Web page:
There are times to choose and places to use perfumes with excellent or weak sillage. If you’re partying and wish to make an entrance, and enthrall those around you then choose one with excellent sillage. If you’re going to be in confined spaces, such as the office or a theatre, where your perfume might irritate others, then it’s wise to opt for a perfume with a weak sillage that offers a more intimate experience.
A perfume note is a class of scent whose role is akin to that of musical note or bar in a piece of music. The individual note or ingredient is one part that will make up the sum of the perfume and while it may be identified on a blotter, its use lies in its role and how it harmonises with other notes to create a full composition. It may well not be discernible in the composite perfume but it plays a role.
Notes are mostly in line with the ingredients used, such as neroli, rose damascena, or oakmoss. Notes can be true to a physical natural ingredient or fantasy notes such as leather and amber which do not exist as ingredients but which are created (and in our minds) by blending various notes, which may be natural and/or synthetic.
Perfume marketing often refers to the notes in the scent that they’d like to inspire the buyer with even if they are barely present. Perfume is after all creative licence. If you follow perfume critique sites like Fragrantica you will find commenters having differing views about the presence of certain notes in perfumes. The fact they are listed by the creator, doesn’t mean you personally will discern them.
A perfume description may list notes in any order or according to Top, Mid or Heart, and Base. If using the classic three-tier structure, the perfume creators are letting us know which they feel will be more volatile and noticed first, which form the main thrust or heart of the perfume and which will linger on our skin and be more tenacious (base notes).
An accord is a blend of notes chosen by the perfumer in constructing a finished perfume. In choosing which individual notes to blend in an accord, the perfumer is delving into both the art and craft of perfumery as well as its chemistry and drawing on their experience and deep understanding of just how notes (or individual raw materials) work together. The accord takes on an odour profile all its own, and one often quite different from the scent profiles of the individual notes it contains.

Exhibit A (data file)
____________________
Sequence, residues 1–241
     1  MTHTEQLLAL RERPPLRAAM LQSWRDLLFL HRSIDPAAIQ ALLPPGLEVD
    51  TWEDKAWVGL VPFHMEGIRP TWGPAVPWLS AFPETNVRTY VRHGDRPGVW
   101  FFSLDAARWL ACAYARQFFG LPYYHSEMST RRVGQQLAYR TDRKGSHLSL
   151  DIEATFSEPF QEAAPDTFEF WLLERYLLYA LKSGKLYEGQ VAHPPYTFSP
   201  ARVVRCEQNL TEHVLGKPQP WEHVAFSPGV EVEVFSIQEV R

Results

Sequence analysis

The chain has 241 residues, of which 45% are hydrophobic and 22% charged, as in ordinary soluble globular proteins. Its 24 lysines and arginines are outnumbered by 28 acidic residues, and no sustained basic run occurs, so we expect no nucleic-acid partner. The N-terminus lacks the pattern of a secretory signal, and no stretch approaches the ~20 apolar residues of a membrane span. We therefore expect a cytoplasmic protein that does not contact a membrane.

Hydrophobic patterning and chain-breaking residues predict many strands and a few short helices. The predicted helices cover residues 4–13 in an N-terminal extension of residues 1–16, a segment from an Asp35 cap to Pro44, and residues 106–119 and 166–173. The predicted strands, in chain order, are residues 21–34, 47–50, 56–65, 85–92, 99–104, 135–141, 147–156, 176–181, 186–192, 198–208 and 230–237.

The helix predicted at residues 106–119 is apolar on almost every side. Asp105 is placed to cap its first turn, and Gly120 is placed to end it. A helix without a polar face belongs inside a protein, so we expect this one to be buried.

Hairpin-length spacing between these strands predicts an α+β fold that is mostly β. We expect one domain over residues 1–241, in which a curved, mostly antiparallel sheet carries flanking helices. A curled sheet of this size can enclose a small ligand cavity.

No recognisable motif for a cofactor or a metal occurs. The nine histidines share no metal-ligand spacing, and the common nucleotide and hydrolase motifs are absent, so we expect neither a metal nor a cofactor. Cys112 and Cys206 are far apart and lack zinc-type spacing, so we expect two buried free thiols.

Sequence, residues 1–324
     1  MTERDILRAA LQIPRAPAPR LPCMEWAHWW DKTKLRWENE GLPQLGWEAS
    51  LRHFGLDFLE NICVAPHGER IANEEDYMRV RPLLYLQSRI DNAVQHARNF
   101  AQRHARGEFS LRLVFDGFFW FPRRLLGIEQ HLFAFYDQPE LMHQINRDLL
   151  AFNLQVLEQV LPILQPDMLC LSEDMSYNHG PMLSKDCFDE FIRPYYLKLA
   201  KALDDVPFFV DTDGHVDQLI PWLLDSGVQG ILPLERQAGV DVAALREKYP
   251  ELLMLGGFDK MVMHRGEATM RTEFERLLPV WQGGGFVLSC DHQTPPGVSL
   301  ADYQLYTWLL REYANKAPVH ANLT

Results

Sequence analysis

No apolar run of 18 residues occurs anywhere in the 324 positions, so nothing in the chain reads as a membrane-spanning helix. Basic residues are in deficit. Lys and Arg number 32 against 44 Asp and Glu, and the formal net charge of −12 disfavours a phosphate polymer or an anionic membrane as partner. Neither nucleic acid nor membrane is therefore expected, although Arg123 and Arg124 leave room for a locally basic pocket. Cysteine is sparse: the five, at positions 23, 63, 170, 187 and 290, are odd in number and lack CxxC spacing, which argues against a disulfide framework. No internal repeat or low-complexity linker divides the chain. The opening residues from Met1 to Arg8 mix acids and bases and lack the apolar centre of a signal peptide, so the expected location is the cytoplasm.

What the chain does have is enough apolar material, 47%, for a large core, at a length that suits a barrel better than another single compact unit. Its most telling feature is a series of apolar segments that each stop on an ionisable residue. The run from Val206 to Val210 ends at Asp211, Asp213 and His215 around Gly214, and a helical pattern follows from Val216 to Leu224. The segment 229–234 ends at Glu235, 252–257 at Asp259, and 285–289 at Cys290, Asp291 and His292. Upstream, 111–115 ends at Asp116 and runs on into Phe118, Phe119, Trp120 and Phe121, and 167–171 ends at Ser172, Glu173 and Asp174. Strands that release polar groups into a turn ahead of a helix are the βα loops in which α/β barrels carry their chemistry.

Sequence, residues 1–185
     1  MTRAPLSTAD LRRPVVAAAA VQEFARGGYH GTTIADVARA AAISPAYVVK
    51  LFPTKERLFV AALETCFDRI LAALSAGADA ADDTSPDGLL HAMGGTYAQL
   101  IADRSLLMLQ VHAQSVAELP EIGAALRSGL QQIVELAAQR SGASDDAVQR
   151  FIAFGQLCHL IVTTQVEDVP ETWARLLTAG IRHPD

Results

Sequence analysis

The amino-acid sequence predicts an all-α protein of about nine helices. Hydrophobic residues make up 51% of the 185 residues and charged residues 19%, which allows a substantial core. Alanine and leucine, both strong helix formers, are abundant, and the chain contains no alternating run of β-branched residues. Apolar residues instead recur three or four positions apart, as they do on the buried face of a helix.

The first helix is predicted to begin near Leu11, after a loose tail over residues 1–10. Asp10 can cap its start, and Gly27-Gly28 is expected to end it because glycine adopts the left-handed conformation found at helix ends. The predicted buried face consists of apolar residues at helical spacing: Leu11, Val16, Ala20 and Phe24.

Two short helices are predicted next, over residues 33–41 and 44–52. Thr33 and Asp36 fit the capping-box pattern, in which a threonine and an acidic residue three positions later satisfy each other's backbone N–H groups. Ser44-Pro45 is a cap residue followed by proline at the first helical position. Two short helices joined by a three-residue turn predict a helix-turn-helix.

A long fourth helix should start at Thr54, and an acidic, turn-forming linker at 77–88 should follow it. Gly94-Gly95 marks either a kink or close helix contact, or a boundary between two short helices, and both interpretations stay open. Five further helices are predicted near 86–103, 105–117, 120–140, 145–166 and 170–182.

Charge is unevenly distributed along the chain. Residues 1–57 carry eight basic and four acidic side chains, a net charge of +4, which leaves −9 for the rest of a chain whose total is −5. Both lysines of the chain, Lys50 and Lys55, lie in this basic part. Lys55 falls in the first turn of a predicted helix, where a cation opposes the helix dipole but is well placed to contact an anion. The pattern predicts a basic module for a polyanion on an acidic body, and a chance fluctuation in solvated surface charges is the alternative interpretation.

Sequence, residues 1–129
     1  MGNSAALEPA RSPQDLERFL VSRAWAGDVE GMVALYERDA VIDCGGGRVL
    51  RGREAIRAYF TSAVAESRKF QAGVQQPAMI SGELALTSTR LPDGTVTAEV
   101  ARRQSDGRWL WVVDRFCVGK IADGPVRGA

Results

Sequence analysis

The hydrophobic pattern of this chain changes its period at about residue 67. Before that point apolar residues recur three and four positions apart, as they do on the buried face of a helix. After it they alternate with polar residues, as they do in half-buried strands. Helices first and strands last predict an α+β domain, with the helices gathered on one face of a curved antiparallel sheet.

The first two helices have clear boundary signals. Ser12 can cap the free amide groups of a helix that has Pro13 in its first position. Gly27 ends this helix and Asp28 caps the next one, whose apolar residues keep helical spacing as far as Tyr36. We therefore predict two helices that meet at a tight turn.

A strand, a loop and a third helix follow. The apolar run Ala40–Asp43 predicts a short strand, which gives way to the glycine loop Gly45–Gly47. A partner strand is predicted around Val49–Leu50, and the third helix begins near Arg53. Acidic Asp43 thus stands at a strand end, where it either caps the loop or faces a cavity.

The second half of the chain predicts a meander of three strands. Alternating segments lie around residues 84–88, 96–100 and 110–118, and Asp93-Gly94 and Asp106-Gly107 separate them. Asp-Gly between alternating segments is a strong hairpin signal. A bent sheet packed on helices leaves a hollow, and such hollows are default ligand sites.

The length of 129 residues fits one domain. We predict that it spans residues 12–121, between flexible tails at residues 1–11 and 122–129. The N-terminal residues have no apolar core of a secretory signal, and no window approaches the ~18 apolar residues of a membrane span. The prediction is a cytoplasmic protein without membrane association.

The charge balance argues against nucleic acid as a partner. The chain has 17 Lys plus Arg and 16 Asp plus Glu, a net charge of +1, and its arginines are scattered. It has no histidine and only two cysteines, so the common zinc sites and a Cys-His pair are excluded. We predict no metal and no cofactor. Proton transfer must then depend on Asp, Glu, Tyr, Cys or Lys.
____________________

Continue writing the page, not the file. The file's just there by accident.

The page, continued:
The number of notes in an accord vary widely. Natural perfumes use incredibly complex natural materials and generally have between nine to 25 notes combined in various accords. Fragrances composed of mainly or in entirety of synthetics can run to 200 or more notes blended into accords.
There are perfumes constructed without accords which are based on a single molecule or are designed to be more linear and not offer top, middle and base note accords. Clearly, accords are still in action in these perfume constructions by default as the notes work their magic together anyway even if the perfumer assesses the whole construction rather than the building blocks en route.
Novice perfumers often ask ‘how can I make this perfume last longer?’ and by this they mean what can they add to ‘fix’ the more volatile notes and anchor the perfume longer on the wearer’s skin. It is a bit of a holy grail as there is no single, nor simple answer. It depends on the creative brief and how the perfumer wishes the perfume to perform and be perceived. However, traditionally, perfumers use what they call ‘fixatives’ to ensure longevity of the perfume. Typically, fixatives are base notes of heavier molecular weight.